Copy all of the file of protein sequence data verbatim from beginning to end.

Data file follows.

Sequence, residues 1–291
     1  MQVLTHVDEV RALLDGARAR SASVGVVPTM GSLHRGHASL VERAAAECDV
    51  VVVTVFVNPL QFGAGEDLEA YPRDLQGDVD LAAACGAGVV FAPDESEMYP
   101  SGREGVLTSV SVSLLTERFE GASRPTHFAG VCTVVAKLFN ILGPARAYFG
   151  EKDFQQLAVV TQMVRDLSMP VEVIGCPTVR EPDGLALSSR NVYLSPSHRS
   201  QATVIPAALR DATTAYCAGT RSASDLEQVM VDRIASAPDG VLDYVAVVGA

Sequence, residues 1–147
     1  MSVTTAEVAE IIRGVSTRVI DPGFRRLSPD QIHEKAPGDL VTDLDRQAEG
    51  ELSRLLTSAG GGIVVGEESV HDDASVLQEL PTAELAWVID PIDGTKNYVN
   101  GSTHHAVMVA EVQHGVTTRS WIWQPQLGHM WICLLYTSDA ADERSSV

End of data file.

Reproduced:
Sequence, residues 1–291
     1  MQVLTHVDEV RALLDGARAR SASVGVVPTM GSLHRGHASL VERAAAECDV
    51  VVVTVFVNPL QFGAGEDLEA YPRDLQGDVD LAAACGAGVV FAPDESEMYP
   101  SGREGVLTSV SVSLLTERFE GASRPTHFAG VCTVVAKLFN ILGPARAYFG
   151  EKDFQQLAVV TQMVRDLSMP VEVIGCPTVR EPDGLALSSR NVYLSPSHRS
   201  QATVIPAALR DATTAYCAGT RSASDLEQVM VDRIASAPDG VLDYVAVVGA

Sequence, residues 1–147
     1  MSVTTAEVAE IIRGVSTRVI DPGFRRLSPD QIHEKAPGDL VTDLDRQAEG
    51  ELSRLLTSAG GGIVVGEESV HDDASVLQEL PTAELAWVID PIDGTKNYVN
   101  GSTHHAVMVA EVQHGVTTRS WIWQPQLGHM WICLLYTSDA ADERSSV